Caring for the Planet, One Meal at a Time

Experts advocate vegetarianism as the sensible option for our Earth’s survival.

Marcos Paseggi, Adventist Review
Caring for the Planet, One Meal at a Time

Bad news. According to food policy experts, the way we are eating is pushing our planet resources to the point of no return. The good news? There is something we can do about it.

The two statements above are the gist of what several researchers on nutrition and food policy shared during the last day of the Seventh International Congress on Vegetarian Nutrition in Loma Linda, California, United States, earlier this year. While they looked at the predicament from different angles, all of them seemed to agree on one thing: A change of eating habits is long overdue if we want to secure our planet’s survival.

Below are some of the ideas and suggestions presented on the February 28, 2018 symposium at Loma Linda University (LLU), in Loma Linda, California, United States.

Healing a Sick Planet

“Is planet Earth sick? Does planet Earth need healing? What can human beings do about it?”

These are some of the questions a plenary lecture by LLU Center for Nutrition, Healthy Lifestyle and Disease Prevention director Joan Sabaté set out to answer. Sabaté, who teaches Nutrition at LLU, reminded that consumption practices by humans are putting the biosphere under great stress. To maintain planetary health, he added, we must limit the use of resources and avoid environmental degradation.

“Food systems and dietary choices account for substantial use of natural resources,” he emphasized. It is something, he said, that contributes disproportionally to biodiversity loss, deforestation, climate change, degradation of land, contamination of water, and poor air quality. These alterations, Sabaté explained, threaten human health through food insecurity, limited access to drinking water, and increased spread of infectious disease.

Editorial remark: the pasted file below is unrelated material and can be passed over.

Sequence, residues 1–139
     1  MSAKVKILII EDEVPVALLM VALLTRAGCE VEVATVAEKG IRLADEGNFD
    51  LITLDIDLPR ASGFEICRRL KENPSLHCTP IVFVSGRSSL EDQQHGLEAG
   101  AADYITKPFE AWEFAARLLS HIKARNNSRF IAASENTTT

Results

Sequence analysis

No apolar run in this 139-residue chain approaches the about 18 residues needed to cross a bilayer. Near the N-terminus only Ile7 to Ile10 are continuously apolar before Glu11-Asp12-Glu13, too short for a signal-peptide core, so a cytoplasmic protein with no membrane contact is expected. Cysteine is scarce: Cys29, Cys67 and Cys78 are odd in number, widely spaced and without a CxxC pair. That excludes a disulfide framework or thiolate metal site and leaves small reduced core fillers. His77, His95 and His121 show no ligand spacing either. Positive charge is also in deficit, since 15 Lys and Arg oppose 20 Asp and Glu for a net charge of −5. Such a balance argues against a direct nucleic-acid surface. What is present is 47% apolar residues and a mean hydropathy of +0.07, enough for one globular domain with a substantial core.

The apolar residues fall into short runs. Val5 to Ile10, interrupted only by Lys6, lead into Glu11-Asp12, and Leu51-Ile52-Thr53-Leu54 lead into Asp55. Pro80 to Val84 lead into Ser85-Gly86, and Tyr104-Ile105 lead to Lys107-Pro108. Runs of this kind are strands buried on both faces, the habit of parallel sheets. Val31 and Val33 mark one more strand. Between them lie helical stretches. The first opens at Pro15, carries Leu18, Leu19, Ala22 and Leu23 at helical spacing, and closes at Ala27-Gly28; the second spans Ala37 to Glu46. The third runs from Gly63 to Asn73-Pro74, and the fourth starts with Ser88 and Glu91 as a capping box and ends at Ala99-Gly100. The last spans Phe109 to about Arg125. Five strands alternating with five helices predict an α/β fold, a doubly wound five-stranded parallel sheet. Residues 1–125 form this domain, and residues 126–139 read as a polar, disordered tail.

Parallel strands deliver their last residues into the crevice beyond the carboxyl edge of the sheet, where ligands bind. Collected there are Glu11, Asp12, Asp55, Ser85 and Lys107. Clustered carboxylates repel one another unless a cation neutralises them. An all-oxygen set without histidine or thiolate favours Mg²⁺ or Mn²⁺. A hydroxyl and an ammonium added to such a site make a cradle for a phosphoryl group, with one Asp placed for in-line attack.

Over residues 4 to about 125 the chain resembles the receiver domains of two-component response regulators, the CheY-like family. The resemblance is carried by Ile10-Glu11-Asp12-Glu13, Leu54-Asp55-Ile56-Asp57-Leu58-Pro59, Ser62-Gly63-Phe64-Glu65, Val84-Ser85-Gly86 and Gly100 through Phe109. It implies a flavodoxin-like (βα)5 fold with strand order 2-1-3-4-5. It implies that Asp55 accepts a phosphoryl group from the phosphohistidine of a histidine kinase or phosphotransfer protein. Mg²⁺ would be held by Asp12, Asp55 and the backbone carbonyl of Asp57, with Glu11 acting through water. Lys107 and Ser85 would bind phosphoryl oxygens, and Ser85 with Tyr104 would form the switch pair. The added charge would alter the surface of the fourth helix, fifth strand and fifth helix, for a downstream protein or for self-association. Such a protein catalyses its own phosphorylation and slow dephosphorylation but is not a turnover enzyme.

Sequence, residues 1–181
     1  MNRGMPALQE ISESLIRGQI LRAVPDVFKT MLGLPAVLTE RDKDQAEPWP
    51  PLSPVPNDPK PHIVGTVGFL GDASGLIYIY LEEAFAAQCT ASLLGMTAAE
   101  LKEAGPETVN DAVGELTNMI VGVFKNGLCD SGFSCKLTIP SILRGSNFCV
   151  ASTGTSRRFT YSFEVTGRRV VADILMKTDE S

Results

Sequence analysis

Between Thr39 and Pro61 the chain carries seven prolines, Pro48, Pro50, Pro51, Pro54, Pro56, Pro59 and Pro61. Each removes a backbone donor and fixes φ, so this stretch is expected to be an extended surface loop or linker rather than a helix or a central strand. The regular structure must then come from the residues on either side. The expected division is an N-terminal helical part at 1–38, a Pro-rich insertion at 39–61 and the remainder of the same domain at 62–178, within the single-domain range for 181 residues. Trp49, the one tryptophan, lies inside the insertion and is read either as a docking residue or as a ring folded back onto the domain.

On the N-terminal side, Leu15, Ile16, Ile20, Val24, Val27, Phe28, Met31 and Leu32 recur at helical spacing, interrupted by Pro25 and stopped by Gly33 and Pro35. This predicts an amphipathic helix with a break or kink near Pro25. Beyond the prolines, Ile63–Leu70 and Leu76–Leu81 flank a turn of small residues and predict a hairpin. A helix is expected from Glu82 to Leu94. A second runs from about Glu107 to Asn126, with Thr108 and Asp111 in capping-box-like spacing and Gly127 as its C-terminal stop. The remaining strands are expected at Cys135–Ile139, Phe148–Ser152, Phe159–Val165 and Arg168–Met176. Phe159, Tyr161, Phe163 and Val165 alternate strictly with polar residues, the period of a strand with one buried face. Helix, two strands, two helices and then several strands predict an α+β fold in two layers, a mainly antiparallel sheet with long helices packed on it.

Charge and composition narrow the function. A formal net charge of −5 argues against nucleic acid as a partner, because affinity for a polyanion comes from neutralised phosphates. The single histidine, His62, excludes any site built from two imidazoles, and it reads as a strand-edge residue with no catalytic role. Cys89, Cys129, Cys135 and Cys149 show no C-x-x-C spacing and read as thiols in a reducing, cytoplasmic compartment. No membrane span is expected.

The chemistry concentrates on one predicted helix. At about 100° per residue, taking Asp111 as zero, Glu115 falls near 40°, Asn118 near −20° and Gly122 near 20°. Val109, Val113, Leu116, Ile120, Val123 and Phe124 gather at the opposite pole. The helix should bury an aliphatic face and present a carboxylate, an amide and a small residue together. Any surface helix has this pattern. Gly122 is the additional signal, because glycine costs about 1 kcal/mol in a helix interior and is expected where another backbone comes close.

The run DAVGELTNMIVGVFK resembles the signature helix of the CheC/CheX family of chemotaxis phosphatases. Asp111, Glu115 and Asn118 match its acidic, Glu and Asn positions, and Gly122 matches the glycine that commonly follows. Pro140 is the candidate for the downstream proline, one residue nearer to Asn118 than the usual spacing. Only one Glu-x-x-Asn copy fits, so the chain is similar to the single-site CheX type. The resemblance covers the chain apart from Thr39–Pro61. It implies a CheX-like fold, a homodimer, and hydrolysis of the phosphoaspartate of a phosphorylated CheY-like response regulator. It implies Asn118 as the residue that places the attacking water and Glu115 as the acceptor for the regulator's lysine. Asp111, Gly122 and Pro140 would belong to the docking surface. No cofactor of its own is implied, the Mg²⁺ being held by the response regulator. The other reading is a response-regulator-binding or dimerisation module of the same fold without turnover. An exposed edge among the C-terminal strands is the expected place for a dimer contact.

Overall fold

While Sabaté acknowledged that technological changes can achieve significant resource savings, to achieve sustainable levels of efficiency, changes to dietary choices are essential. “Greenhouse gas emissions resulting from vegetarian diets are about 30 percent lower than non-vegetarian diets, and…mortality rates of vegetarians are about 20 percent lower, and [show] even greater decreases in chronic diseases and conditions,” he said.

Sabaté, however, reminded that knowing about the problem and its possible solution is not enough. “If we want to heal our planet, we now need to make individual choices and political will to adopt meatless diets as the social norm,” he said.

Different Takes, Same Conclusion

Coming from different backgrounds and fields of expertise, other presenters of the symposium echoed Sabaté’s statements while breaking down the topic from varied angles.

New Zealand’s University of Otago research professor Nick Wilson shared the results of trying to come up with what he called “optimal dietary patterns” — eating patterns that meet nutritional guidelines for health, involve low food costs, and have low greenhouse gas emission profiles.

“Results appear to be consistent with the international literature whereby vegetarian diets are typically healthier and more sustainable than typical western diets,” he said. Future research directions should include modeling interventions that make diets healthier and more sustainable, including but not limited to taxes on junk food and subsidized vouchers for farmers markets.